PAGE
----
Establishing a Routine for Tuning in the String Classroom


It always happens. Just when you think you’ve given your class enough time to tune, a student comes up to you with a loose string, or a fine tuner that is too low, or a broken string… and there goes a few more precious minutes of class. Or some students don’t know what to do with themselves while others are tuning, and are either chatting or wandering around the classroom. It’s obvious to you they should be practicing, not socializing, right? Well, unfortunately, it’s not obvious to them.


Clarify Your Routines

Inspired to improve my classroom management skills by another smart blog, Michael Linsin’s, I’ve decided to tackle this little daily annoyance. As I’ve said in previous posts, I don’t lack routines in the classroom, but they could definitely use some clarification. And there’s no better clarification than the simple yet powerful list.

In the string classroom, tuning is essential but it can take a good chunk away from your instructional time. It therefore pays for this to be done as efficiently as possible.


Determine What You Want to See Happen

Take a few classes to determine exactly what you want the students to do during tuning time, and to identify the little annoyances that you want to avoid. Then establish a tuning routine that addresses all your concerns and share it with your students. I displayed the list on an overhead during tuning time for two or three classes in a row, until I was sure they knew what to do.  When someone forgets some aspect of the routine, I whip it out again and go over it to remind them.  As Michael Linsin teaches in this article, one of the most effective classroom management techniques you can employ is to:

  1.  Stop your class.  2.  Reteach your expectations.  3.  Begin again.

Before I share with you my new tuning routine, I should explain that I teach all my students to tune themselves with a chromatic tuner. I describe my reasons why in my post, Setting Up for Fingering and Tuning Success, but in short, I believe that in the kind of teaching situation I am in, it is important that the students always start class off with their instruments perfectly in tune. This helps develop their ear as they learn to play. Later on, I give them the opportunity to learn to tune their instruments by ear, which I will share in a future post.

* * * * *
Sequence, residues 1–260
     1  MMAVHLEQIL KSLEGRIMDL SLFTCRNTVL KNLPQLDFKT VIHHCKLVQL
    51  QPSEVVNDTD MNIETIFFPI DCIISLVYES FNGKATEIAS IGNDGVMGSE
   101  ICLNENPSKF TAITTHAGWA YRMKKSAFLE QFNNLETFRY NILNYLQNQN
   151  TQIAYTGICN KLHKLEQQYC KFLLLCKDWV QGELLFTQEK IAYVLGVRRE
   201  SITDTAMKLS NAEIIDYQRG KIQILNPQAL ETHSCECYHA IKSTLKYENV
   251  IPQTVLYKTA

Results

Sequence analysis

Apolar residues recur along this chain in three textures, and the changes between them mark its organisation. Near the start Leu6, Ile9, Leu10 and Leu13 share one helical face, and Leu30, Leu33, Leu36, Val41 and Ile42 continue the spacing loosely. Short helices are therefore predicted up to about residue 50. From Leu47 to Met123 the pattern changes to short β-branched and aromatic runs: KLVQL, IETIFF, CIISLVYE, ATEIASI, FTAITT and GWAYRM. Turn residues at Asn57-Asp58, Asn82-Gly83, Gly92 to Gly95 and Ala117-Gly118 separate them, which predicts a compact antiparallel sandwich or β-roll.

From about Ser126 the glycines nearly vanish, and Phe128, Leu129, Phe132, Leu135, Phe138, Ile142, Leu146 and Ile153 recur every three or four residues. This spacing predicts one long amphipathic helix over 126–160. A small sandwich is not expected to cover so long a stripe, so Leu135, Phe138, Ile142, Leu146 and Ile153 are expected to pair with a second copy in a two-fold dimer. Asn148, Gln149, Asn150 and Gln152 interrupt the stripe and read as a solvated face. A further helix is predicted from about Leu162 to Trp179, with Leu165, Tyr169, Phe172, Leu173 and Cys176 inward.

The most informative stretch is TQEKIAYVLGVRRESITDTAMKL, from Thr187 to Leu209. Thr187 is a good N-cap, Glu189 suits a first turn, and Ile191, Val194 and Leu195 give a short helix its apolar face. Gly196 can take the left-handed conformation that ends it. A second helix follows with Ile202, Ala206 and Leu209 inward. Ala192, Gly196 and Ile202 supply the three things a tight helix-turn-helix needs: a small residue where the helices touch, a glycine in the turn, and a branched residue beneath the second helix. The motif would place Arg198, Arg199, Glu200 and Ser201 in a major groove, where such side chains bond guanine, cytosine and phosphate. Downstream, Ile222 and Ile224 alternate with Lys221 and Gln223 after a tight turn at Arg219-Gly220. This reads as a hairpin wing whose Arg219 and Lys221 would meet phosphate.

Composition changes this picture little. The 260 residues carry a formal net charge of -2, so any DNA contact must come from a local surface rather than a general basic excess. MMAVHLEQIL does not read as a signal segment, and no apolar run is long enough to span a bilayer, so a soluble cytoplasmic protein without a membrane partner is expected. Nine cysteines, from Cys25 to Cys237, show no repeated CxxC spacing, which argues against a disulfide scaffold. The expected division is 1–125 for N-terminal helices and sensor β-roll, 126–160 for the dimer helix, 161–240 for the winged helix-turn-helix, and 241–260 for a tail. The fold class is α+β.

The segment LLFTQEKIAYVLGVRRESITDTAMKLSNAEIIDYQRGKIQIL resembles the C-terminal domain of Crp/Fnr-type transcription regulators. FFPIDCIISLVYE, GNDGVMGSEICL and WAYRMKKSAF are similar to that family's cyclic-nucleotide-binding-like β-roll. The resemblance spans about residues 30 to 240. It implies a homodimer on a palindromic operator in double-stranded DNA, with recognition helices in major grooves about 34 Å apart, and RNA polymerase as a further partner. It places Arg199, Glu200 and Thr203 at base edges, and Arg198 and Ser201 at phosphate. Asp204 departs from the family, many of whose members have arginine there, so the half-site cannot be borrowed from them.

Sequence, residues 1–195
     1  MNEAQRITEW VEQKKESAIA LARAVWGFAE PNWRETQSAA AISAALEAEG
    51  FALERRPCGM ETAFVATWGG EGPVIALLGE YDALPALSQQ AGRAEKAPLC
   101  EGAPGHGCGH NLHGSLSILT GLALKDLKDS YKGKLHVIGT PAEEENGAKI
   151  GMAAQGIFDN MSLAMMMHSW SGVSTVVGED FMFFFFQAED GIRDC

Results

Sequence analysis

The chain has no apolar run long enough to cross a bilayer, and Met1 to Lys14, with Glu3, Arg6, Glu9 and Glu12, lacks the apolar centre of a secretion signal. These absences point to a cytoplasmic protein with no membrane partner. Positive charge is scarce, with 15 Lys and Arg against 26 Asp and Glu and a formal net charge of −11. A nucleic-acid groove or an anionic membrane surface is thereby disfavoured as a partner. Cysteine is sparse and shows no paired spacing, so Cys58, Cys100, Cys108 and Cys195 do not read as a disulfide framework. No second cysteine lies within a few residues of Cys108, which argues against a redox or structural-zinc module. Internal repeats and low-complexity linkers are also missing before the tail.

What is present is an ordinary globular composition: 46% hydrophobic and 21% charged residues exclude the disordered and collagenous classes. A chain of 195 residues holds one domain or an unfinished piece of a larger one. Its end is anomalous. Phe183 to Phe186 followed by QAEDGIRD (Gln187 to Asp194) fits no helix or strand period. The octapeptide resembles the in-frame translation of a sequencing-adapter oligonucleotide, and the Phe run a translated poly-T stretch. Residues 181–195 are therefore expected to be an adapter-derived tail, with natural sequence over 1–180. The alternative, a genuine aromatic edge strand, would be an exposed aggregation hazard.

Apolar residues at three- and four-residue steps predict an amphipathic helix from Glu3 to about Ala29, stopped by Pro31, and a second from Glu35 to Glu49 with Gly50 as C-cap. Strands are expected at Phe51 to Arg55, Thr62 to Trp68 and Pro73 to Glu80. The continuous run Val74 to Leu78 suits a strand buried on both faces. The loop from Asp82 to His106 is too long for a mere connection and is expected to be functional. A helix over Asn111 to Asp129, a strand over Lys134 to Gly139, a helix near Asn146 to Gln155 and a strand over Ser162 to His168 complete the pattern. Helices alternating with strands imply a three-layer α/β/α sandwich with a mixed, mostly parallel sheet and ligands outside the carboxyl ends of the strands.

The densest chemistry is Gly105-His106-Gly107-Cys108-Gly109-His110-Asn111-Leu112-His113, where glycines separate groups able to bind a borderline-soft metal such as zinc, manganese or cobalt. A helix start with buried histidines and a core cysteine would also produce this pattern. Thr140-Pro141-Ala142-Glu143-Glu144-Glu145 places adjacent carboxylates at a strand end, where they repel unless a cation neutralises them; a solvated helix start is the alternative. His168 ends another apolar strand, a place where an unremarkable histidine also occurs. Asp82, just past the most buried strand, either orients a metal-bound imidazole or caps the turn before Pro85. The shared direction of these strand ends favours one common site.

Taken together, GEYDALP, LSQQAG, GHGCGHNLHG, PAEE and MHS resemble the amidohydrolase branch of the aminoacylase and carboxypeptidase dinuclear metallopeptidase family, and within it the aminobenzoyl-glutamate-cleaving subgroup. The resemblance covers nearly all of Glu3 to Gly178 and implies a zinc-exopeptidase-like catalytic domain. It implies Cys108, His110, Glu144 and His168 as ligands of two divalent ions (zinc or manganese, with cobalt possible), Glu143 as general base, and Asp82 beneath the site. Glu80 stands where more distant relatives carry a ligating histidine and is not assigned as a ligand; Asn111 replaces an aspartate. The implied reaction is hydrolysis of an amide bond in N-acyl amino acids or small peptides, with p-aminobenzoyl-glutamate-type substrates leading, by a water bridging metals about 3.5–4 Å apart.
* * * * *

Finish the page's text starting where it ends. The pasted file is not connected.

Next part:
The following is my tuning routine. Feel free to use it to help you establish a routine that works for you.


Daily Tuning Procedure

  1. There is a tuner labelled for each section so that every section starts with one.
  2. Make sure the top left hand corner of the screen says 440hz. If not, please adjust it with the up/down arrows.
  3. Get your instrument tuned within the first 5 minutes of class.
  4. If a fine tuner is all the way down, raise it back up and ask the teacher to re-tune the string for you with the pegs.
  5. If a string is very out of tune, bring it right away to the teacher to tune with the pegs.
  6. Seniors should try tuning with the peg themselves after the lesson on how not to break a string. If you need help please, try to ask before I start the class.
  7. If a string breaks, let me know and put your instrument on or beside my desk. Please use another instrument for class.
  8. You should be working on practicing and memorizing your scales and focusing on improving some aspect of technique while waiting.
  9. If your section is finished with the tuner, pass it on to another section that is still tuning.
  10. Remember to turn off the tuner.
  11. Put the tuners back into the basket at the front of the class.


You will notice that I clearly describe what they should be doing if they are waiting for others to tune. I have a time limit, a procedure for when they need my help, and for sharing the tuners.  You’ll also notice that I teach my seniors how to tune with the pegs, for which I will have a video for you soon.

I do have this quick video I made on how to change and wind a string properly.  It shows students how to change a string, how to wind the string properly and why, and how to tune without breaking the string.



Hope that this post is helpful to you in establishing some new routines in your string classroom.  Please share with us your tuning routine so we can benefit from each other’s ideas!


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